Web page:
Rains of August

The sky was overcast, the ducks keeping to the pond where the photog was taking pictures of us, the newly married couple. The sun, stabbing intermittently through the clouds, combined with the light precipitation produced the phenomenon of a rainbow, which framed our pose as a fortuitous backdrop.

One covenant posing in front of another.


2007 was a good year.

As we all do, I pay attention to the weather forecast, and the weather outside the window. But these days, I don’t notice the symmetry, or appreciate the beauty (most of the time). Rains are a pain. Winter is eternal. At least in 2021.

Walking the hound on a rare, warm noon, bracketed by windlessness and a clear blue sky, the clarity of the day prompts a clarity of thought.

A clear sky makes me think of the passage of Scripture I’ve been ruminating on. A clear sky evokes for me a clean heart. Azure blue, unsullied by clouds of doubt, responsibility, sin, and a zillion other things.

The greatest relief in the world is having a clean slate, an account that is settled, a mind that is meditating on Scripture.

I haven’t ruminated on Scripture in days, or has it been weeks? The answer is cloudy, but the day is cloudless and my thoughts are on the 51st psalm, of David.

Create in me a pure heart, O God,
and renew a steadfast spirit within me.


Days without Scripture, weeks without serious prayer, sin threatens to be the default. Meditating on Scripture cleanses.

Psalm 51 is raw, one of my favourites. Where David writes from, I get it.

‘Create in me…’ – something only God can do. Create: ex-nihilo, out of nothing but His will, God can make a brand new heart in David, in me, in us. My old heart isn’t working, I need a new one. ‘Create’, like the same word recorded in Genesis 1 when God created the heavens and the earth.

The creation of the universe is a miracle, a stupendous act of God. The creation of a new heart in a compromised human being is arguably greater.

‘Renew a steadfast spirit within me…’ – to keep the new heart clean.

For the first time in a while, clean, cleansed, new.

Going from the rains of August into the rains of September. Lord give me a steadfast spirit for a new heart.


There are people who study other people. Professionally.

Specifically, the characteristics of generations over time. I know that I’m supposed to be a Gen-X-er for example.

The people born in the years 1883 to 1900 are known as the Lost generation, who reached maturity during and just after WW1, a high proportion of whose men were killed during those years.

The Greatest generation were those born from 1910 to 1924, and lived through tumultuous times and came out the other end, which is what makes them great I suppose: they lived through the Great Depression, and came of age fighting in WW2.

Following on from them was the Silent generation, those born between 1925 and 1945. They just got on with it, and had an ethos of working hard and keeping quiet.

Baby boomers are those born from 1944 to 1964. The silent generation got on with making babies, being quietly fruitful and multiplying.

And we come to Generation X, those born from 1965 to 1979, comfortable with media and the internet.

Generation Y, also known as Millennials came along between 1980 and 1994, slightly pampered and ambitious.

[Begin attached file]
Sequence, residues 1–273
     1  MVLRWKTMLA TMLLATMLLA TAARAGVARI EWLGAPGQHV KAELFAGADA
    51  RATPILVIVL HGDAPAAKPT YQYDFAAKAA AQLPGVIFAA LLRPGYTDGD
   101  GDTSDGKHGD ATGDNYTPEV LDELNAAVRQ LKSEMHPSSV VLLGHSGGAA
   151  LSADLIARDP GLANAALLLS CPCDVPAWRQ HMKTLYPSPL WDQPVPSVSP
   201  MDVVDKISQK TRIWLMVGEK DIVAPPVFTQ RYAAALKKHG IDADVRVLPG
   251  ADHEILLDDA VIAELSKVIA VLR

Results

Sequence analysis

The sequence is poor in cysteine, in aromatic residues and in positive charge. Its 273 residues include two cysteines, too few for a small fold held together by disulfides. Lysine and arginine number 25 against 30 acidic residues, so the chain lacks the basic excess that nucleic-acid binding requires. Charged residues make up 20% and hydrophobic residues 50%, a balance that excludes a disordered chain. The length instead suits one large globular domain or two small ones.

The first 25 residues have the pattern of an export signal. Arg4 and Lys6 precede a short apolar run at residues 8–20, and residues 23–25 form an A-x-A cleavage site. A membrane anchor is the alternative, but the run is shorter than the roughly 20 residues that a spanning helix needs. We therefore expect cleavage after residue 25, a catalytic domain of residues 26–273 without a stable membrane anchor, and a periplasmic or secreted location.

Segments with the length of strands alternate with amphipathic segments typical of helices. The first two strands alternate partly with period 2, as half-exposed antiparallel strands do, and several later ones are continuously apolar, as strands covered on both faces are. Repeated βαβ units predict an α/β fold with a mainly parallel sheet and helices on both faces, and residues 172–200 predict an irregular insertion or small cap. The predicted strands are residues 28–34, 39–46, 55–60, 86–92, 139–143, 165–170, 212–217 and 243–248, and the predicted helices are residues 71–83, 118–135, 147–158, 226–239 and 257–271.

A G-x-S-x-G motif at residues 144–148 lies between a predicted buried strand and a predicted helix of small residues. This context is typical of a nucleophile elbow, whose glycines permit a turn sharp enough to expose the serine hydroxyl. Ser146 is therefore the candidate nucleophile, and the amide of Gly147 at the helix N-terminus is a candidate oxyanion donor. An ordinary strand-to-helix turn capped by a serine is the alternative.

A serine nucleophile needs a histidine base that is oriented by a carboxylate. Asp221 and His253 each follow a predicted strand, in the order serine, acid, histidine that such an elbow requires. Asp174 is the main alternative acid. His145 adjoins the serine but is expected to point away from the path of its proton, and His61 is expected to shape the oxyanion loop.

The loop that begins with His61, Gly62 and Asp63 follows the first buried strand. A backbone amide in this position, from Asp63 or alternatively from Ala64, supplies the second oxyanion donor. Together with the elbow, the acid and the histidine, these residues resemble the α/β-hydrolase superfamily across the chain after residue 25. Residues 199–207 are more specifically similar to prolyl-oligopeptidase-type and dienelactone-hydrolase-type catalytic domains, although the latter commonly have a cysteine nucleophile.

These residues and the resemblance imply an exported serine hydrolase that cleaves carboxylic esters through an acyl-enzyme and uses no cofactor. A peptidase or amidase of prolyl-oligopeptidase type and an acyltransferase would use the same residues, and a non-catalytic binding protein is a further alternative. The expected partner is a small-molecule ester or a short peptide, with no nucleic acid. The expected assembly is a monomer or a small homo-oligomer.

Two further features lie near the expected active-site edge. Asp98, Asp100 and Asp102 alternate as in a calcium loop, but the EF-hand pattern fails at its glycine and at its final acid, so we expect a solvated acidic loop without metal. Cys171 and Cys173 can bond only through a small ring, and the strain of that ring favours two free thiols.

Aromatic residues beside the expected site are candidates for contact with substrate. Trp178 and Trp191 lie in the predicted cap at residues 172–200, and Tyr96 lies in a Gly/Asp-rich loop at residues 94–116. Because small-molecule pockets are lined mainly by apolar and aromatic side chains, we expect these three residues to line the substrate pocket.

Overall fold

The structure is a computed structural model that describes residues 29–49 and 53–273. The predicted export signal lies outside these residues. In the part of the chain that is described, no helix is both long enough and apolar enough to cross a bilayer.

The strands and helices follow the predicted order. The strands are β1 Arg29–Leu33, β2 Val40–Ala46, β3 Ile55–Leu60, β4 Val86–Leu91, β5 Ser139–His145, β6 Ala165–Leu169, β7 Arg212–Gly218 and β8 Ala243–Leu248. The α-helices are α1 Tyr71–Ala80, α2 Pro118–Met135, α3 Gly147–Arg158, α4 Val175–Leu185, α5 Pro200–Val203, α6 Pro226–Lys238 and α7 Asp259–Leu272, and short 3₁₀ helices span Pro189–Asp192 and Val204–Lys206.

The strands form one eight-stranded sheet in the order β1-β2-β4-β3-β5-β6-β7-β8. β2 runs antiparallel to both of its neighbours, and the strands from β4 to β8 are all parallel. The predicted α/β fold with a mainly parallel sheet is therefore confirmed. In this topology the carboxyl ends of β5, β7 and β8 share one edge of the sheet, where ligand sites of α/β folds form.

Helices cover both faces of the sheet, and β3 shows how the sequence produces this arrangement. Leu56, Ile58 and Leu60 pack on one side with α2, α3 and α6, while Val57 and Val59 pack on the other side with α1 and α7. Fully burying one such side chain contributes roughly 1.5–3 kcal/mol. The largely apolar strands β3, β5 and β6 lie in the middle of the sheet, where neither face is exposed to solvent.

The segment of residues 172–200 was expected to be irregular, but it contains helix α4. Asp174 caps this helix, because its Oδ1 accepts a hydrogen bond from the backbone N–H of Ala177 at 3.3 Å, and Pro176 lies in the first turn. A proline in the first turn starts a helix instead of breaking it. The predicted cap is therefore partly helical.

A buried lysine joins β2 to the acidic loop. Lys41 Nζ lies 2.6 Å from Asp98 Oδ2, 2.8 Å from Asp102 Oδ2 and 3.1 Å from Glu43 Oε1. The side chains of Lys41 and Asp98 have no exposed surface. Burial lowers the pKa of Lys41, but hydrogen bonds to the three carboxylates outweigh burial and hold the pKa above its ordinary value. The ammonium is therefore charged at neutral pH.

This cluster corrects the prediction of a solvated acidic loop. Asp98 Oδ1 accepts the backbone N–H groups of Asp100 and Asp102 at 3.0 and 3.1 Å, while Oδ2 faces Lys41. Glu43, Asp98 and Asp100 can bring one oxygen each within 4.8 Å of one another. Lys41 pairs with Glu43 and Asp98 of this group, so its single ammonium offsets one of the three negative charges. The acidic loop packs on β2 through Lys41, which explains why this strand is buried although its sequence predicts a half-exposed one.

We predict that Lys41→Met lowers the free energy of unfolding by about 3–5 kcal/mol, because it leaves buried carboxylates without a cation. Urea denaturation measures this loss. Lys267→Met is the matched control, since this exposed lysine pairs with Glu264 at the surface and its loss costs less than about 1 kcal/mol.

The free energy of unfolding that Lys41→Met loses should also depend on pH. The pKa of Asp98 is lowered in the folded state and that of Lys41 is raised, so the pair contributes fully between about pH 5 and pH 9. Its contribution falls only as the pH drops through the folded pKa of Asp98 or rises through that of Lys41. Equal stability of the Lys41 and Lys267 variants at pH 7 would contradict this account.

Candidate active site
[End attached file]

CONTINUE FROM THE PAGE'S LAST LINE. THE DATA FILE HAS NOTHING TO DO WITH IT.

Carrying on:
The young’uns are Generation Z (born between 1995 and 2015) and following on from them are what they’re calling Generation Alpha, those born between 2011 and the present.

Do I think the things I do because I’m a Gen-X-er? Not necessarily. Perhaps anyone of my generation thinks that older people are rockin’ and the young folk are just snotkoppe. One day, if I live sufficiently long, I’ll be a gray head and my kids may think I’m retro and cool.

I was looking at some old black & white photos recently. Romantically, I think it was a better time, with more manageable problems.

Black & white photos make you think about where you come from.

My Dad’s side of the family: the brothers Tamlin (Jimmy, Denis and Tommy). Jimmy married Sylvia Watridge and had three boys, the youngest of whom was my Dad. So much of this was before my time, or at least before I could remember accurately. I remember my gran (Sylvia) and her sister Agnes ‘Nessie’, who was a quirky but favourite aunt.

I remember when my Gran passed and I was there with my Mother and sister at the facility. I remember her memorial service and funeral. I remember I handed out tracts at the end of the memorial.

My Mom’s side of the family: the August/Legg clan. My Mother’s mother was Jane and I remember the day we got word about her passing.

That generation gone now. “As for man, his days are like grass; he flourishes like a flower of the field; for the wind passes over it, and it is gone, and its place knows it no more.” (Psalm 103:15, 16 ESV)

Those generations made me who I am and informed my character by filtering down, but those generations from before then until now exist in the purpose and timing of God. “But the steadfast love of the Lord is from everlasting to everlasting on those who fear him,and his righteousness to children’s children, to those who keep his covenant and remember to do his commandments.” (Psalm 103:17, 18 ESV)


When I think about generations, I’m mindful that some sociologist or social scientist is going to examine my life as part of an aggregate and come to a broad conclusion.

Of more importance is that my life is characterised by verses 17 and 18 of the psalm: that I would fear Him, that his righteousness would be on my children.

After all, I cannot conceive of timelessness. I see only in linear time. God can see both via linear time and timelessness and rules over everything: “The Lord has established his throne in the heavens, and his kingdom rules over all.” (Psalm 103:19 ESV)